On the same day, Howard initiated efforts to strike a deal with Vivian Alvarez, a Philippines-born Australian illegally deported to the Philippines four years ago. Alvarez last week also appeared before the media, confirming that she was removed from Australia in a wheelchair after an accident, despite telling immigration officials that she was an Australian citizen. Howard said the government had offered to pay airfares, accommodation, counselling, welfare payments and medical costs for Alvarez to return to Australia.

There were further signs of an attempt at damage control when Howard told parliament in question time on Wednesday that a baby born to Vietnamese asylum seekers detained on Christmas Island, an offshore territory, would not be returned to detention on the island. This contradicted Vanstone and immigration officials, who had told a Senate committee that the baby and his parents would be sent back.

Michael Andrew Tran was born under guard at Perth’s King Edward Memorial Hospital on Monday to Nguyen Hoai Thu and her husband Tran Minh Dat, who have both been detained on Christmas Island since July 2003. In 2001, most of Australia’s offshore islands were “excised” from the migration zone, depriving asylum seekers who land on them any rights to apply for refugee status under Australian law.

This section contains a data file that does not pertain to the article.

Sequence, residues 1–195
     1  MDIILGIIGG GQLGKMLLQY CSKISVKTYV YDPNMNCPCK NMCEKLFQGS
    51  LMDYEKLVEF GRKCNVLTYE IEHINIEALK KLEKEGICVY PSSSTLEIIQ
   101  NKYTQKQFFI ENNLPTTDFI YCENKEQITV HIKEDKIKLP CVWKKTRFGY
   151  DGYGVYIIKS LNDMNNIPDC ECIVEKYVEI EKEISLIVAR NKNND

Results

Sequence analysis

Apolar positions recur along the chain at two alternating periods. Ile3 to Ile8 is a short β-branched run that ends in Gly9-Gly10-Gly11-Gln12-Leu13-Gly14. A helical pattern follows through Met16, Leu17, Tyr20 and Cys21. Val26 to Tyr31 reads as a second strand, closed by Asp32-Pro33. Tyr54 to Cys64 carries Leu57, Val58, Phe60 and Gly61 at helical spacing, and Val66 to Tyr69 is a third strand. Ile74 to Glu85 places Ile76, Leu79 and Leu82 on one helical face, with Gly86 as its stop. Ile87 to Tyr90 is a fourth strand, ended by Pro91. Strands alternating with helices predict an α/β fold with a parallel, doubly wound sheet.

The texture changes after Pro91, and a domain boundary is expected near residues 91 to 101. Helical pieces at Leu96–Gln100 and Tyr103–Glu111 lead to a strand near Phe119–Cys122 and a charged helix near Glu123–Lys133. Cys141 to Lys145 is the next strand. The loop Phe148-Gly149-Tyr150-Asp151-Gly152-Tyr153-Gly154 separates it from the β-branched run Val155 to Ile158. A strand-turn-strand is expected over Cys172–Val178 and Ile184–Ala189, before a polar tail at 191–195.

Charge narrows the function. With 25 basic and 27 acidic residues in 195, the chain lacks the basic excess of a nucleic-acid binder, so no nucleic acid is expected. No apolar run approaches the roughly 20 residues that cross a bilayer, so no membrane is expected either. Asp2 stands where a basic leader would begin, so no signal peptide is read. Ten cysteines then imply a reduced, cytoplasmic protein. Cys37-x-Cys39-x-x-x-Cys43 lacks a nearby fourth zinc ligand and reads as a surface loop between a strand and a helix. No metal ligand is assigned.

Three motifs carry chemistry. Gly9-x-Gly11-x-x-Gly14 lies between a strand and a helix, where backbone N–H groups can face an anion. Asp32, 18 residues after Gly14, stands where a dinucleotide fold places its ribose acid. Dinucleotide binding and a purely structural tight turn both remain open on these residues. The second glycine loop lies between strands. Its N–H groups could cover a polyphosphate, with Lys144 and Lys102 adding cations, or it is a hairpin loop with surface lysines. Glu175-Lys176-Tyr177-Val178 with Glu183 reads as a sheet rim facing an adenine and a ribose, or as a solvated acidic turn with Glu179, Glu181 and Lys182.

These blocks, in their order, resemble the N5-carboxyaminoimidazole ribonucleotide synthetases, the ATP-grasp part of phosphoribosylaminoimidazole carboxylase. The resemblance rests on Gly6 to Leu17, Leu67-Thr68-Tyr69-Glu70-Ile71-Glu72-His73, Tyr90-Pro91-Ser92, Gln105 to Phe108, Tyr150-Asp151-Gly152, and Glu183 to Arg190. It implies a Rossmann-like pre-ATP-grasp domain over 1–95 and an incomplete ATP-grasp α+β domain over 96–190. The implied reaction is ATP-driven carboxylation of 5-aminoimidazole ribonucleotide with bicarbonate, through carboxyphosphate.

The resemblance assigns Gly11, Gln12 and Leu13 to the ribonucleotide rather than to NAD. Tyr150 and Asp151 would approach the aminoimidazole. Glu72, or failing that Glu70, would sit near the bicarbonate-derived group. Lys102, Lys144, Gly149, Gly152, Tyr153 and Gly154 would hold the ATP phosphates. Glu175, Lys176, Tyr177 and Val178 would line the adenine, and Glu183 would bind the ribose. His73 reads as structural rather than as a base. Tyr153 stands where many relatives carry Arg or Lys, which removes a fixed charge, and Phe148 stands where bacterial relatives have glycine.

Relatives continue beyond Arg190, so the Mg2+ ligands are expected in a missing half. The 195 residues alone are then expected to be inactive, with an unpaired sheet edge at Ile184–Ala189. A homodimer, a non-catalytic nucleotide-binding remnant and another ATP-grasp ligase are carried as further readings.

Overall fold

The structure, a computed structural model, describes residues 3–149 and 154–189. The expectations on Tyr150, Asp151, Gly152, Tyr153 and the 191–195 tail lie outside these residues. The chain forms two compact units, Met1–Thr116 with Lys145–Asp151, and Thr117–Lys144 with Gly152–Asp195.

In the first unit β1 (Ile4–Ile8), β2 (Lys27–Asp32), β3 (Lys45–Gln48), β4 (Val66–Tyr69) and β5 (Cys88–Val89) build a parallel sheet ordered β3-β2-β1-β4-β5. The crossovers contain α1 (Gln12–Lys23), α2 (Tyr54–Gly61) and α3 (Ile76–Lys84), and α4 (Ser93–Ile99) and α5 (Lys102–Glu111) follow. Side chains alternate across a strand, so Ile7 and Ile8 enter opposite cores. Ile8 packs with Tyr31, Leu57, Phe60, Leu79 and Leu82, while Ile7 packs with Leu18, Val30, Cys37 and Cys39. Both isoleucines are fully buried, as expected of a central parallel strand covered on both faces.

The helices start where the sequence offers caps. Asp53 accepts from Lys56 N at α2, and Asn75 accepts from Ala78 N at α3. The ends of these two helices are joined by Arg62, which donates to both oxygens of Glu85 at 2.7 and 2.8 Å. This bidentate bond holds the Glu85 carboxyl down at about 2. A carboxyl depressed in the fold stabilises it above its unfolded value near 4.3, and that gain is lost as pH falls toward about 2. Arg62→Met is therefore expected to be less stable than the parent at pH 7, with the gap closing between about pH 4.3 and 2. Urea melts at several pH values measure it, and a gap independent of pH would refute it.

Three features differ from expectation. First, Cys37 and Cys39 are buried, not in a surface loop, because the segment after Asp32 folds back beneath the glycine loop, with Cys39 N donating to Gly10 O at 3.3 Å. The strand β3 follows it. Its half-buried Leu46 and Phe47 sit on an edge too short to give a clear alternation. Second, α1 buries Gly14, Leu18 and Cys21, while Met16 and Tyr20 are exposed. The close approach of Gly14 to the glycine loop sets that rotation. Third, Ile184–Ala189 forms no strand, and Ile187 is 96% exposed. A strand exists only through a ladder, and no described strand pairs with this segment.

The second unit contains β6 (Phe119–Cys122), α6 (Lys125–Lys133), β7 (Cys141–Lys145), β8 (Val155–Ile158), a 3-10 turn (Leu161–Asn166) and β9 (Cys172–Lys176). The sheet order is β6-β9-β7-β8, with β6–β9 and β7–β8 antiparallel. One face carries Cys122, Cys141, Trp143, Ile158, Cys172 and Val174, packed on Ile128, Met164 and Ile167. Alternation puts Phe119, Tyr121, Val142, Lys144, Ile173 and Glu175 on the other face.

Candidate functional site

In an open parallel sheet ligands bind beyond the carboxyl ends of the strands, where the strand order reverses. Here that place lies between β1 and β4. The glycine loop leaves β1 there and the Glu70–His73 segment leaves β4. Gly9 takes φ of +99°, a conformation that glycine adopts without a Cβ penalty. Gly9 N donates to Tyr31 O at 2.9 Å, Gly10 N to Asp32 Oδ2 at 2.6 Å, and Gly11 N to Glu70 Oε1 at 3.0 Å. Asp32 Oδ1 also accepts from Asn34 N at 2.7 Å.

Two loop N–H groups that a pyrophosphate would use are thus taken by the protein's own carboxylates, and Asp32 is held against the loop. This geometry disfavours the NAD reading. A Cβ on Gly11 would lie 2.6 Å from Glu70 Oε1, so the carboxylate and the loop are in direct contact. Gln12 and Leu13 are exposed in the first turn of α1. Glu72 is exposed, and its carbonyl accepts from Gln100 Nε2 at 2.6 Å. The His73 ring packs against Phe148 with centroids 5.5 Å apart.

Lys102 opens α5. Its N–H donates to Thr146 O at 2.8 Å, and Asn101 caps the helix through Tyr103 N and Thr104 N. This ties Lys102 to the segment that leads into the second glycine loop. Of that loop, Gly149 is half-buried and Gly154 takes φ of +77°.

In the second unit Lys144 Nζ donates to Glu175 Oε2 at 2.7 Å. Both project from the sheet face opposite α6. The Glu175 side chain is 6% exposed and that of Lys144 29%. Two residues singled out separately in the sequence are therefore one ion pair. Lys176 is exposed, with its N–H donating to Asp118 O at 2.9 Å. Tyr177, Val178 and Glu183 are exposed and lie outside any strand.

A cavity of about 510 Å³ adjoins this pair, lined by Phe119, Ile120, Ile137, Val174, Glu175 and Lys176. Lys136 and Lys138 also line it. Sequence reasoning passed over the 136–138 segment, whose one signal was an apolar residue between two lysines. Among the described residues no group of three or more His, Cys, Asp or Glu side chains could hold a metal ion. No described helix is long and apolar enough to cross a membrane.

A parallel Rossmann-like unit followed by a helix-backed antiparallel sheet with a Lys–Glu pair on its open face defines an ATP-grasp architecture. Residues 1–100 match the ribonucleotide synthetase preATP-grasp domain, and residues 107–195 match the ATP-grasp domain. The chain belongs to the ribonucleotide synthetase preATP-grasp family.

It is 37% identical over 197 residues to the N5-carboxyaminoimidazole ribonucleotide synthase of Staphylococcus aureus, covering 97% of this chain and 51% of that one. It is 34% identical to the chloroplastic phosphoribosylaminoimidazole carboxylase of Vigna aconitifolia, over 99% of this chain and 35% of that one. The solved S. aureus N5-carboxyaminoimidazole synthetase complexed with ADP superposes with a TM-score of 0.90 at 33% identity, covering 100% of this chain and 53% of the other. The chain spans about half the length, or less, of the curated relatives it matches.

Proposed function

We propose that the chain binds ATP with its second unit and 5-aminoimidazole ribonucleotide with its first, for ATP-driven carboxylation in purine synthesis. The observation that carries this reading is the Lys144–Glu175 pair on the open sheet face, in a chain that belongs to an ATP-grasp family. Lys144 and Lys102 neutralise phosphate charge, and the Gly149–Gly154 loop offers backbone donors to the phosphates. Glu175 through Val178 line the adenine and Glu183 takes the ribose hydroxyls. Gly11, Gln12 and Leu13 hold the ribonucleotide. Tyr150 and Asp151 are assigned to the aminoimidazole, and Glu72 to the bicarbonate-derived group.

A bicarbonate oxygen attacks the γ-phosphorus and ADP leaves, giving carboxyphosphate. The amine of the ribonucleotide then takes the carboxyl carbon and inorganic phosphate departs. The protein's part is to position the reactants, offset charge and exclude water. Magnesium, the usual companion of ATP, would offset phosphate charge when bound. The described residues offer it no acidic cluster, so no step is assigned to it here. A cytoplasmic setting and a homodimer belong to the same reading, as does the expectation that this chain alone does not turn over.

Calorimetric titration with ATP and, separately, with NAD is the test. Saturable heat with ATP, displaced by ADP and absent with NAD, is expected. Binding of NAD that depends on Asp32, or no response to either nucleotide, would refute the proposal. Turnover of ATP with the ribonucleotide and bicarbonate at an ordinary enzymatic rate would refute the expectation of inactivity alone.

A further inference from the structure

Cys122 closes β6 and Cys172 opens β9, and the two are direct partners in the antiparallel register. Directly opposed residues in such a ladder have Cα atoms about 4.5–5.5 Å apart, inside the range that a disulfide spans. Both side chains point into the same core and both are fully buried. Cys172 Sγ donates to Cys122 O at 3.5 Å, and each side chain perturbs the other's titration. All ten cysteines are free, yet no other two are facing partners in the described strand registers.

This week, the government’s own Human Rights and Equal Opportunity Commission reported that the government had breached international human rights law when it kept 26 Iranians and Iraqis in isolation at the Curtin detention centre for up to eight months in 2000-01, well beyond the three to four weeks that the commission deemed reasonable to process new arrivals, and long enough to infringe their right to human dignity.

It has become increasingly difficult for the government to claim that these are simply isolated “mistakes”. On Wednesday, Vanstone announced that she had referred more than 200 known cases of wrongful detention to former Australian Federal Police chief Mick Palmer, who was initially asked to conduct a closed-door inquiry into Rau’s detention.

By revealing the staggering total, Vanstone undermined the government’s refusal to call a public inquiry into the scandal. If all these cases were left in Palmer’s hands, his investigations would take many years to complete. He has now reportedly advised the government to hand the cases over to the Ombudsman or some form of judicial inquiry.

Far from being aberrations, these gross violations of fundamental democratic rights are the inevitable result of the system of mandatory detention, first introduced by a Labor government in 1992. Labor deliberately established a regime of executive detention without trial, giving itself and its officials virtually unlimited power to imprison defenceless people without any independent or judicial scrutiny. The legislation adopted by the Keating government states that immigration, police and military authorities can—and, in fact, must—detain anyone “reasonably suspected” of being an “unlawful non-citizen”.